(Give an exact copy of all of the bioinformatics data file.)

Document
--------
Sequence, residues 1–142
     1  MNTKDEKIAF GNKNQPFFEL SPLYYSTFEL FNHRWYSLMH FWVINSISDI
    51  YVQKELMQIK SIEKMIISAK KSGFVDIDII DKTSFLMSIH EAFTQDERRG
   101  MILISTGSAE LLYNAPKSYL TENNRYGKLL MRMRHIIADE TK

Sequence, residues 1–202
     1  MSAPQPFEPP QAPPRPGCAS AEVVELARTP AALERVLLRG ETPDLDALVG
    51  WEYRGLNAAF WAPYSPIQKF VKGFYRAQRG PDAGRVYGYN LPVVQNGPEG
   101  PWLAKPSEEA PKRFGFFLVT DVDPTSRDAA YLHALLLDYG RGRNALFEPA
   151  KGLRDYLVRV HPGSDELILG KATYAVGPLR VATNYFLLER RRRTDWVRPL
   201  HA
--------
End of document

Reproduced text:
Sequence, residues 1–142
     1  MNTKDEKIAF GNKNQPFFEL SPLYYSTFEL FNHRWYSLMH FWVINSISDI
    51  YVQKELMQIK SIEKMIISAK KSGFVDIDII DKTSFLMSIH EAFTQDERRG
   101  MILISTGSAE LLYNAPKSYL TENNRYGKLL MRMRHIIADE TK

Sequence, residues 1–202
     1  MSAPQPFEPP QAPPRPGCAS AEVVELARTP AALERVLLRG ETPDLDALVG
    51  WEYRGLNAAF WAPYSPIQKF VKGFYRAQRG PDAGRVYGYN LPVVQNGPEG
   101  PWLAKPSEEA PKRFGFFLVT DVDPTSRDAA YLHALLLDYG RGRNALFEPA
   151  KGLRDYLVRV HPGSDELILG KATYAVGPLR VATNYFLLER RRRTDWVRPL
   201  HA